Detailed profitability analysis


Figure 1. Converting a yield map to a profit map is a useful tool for the economic analysis of a subsurface drainage project.

The use of precision ag data has allowed for some creative analysis regarding inputs, yields, and economics on a site specific basis. Increased crop prices over the past several years were matched with greatly increased input costs. Producers should know their input costs on a per-acre basis. It is not always possible to determine exactly what price you will receive for your crop, but most farmers have either an estimate or a target price in mind.

Using these two figures, a yield map can be converted into a profit map. Based on this profit map you can estimate the effects of a drainage project. It is likely that the benefits on one soil type versus another will not be the same. If you consider the potential effectiveness of the project on one part of the landscape versus another, you may find that while increases in yield are projected, they might not exceed the breakeven point, or may be highly variable from one year to the next.

It is for this reason that many agricultural economists have long advised that farming marginal land is a bad practice, and many farmers have found that these acres consume time and resources that could be devoted to more profitable parts of the farm.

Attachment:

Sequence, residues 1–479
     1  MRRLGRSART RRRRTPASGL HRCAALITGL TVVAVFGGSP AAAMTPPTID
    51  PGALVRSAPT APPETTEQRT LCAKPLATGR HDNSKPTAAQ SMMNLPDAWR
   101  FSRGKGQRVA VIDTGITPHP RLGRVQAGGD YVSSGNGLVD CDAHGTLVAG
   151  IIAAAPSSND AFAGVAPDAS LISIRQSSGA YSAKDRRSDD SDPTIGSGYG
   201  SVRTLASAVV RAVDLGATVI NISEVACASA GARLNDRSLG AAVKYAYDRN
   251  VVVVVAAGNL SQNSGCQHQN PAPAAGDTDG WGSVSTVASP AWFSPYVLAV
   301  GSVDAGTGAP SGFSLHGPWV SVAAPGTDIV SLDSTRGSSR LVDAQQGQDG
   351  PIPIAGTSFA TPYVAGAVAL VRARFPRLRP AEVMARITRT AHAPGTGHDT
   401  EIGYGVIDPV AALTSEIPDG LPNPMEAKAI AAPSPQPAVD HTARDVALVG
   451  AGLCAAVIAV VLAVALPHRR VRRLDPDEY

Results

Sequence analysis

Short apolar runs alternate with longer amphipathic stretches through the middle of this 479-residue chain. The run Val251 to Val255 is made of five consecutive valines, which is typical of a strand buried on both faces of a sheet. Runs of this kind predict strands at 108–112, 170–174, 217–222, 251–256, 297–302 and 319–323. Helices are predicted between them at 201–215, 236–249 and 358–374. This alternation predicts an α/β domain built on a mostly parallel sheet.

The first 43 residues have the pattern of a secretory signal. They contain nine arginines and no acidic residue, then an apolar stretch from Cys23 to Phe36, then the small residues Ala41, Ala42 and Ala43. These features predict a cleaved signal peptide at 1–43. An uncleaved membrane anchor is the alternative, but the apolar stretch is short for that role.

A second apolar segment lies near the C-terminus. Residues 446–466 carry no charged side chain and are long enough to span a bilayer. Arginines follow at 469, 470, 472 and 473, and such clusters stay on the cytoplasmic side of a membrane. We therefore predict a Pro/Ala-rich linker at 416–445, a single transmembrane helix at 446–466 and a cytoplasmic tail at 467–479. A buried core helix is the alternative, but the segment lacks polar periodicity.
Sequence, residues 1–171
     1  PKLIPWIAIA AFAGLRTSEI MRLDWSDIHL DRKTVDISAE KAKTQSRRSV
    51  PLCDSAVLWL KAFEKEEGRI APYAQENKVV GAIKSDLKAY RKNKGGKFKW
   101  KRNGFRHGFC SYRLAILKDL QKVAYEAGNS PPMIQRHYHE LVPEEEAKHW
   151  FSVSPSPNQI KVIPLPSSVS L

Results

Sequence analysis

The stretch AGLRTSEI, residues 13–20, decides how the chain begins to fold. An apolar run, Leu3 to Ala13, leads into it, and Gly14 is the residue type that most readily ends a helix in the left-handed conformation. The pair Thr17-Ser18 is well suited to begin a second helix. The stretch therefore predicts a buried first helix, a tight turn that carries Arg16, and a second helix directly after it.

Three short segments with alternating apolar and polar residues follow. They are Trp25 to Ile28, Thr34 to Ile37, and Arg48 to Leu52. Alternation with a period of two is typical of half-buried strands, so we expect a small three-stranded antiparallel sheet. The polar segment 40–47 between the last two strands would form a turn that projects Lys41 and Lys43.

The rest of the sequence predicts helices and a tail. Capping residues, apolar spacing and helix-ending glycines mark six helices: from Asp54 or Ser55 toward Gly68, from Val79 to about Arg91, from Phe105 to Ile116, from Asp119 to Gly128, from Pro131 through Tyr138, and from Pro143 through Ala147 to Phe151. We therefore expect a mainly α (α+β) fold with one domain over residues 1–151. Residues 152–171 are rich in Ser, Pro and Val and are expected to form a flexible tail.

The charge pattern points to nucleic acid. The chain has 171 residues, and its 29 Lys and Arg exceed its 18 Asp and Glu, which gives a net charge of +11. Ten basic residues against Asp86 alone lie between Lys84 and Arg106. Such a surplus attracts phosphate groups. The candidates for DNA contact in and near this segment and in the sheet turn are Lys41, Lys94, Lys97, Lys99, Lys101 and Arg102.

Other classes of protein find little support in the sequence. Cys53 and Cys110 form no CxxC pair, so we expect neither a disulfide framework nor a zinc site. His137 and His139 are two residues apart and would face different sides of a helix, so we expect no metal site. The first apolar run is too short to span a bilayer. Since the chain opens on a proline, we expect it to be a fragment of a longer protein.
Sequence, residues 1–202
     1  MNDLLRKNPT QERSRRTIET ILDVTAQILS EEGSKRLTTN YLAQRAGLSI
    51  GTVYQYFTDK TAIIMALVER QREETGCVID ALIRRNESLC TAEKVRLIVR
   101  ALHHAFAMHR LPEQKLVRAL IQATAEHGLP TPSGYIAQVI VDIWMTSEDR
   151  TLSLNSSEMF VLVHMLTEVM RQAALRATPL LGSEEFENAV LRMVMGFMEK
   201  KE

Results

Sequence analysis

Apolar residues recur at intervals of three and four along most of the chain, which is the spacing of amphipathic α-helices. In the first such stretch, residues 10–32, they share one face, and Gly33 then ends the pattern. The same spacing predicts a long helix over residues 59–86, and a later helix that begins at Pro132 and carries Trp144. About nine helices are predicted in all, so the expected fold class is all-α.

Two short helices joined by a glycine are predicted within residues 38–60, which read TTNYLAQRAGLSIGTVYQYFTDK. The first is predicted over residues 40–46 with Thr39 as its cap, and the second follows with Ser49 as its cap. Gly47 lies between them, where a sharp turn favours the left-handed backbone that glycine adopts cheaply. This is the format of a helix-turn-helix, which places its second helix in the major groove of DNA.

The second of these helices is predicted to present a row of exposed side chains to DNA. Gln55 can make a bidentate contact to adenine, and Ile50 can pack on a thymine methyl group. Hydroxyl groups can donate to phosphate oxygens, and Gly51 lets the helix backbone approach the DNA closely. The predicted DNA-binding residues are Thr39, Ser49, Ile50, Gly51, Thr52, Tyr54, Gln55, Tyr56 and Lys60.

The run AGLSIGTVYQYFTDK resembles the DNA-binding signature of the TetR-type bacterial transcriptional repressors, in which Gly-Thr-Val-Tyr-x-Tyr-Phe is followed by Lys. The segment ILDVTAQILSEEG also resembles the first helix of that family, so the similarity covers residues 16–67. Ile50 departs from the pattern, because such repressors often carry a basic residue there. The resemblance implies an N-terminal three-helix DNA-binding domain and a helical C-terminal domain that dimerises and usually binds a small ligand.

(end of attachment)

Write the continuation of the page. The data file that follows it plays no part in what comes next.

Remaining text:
Considering alternatives to drainage

The simplest evaluation you can make regarding alternatives to drainage is whether the land is worth more to you drained or to someone else undrained. There are many options to consider, some of which may be quite financially lucrative, or fit well with your personal objectives and/or philosophies.

The first overarching question is, "Do you own the land or is it rented?" If the land is rented, you will obviously need to involve the land owner in decision making. Some land owners lack the ability to proceed with alternative options for various reasons, so you may need to be involved with the process.

If you own the land, another consideration is whether you wish to continue to own the land. Sale of the property so that the money can be reinvested in other land is always an option. In addition, you may find some creative solutions available to you locally that could be attractive. Specifically, local sportsman’s groups may have project funds, but other groups or individuals may also be looking to work with wetland issues. Staff at your county SWCD will usually know if there are any options like these.


Photo 5. Prior converted wetlands on the edges of farmed areas are excellent candidates for restoration projects.

The majority of income-producing alternatives for the property involve the restoration of a wetland on the site. There are many programs at your disposal for proceeding with a wetland restoration. One major difference between many of these options is the length of time which you are committed to leave the new wetland in place. There are several parts of the USDA Conservation Reserve Program (CRP) which may cost-share the restoration and require only a 10 or 15 year agreement, but these options do not pay as well as longer term or perpetual agreements. Some of the longterm or permanent programs, such as US Fish and Wildlife Service easements, may pay as much as the value of the land.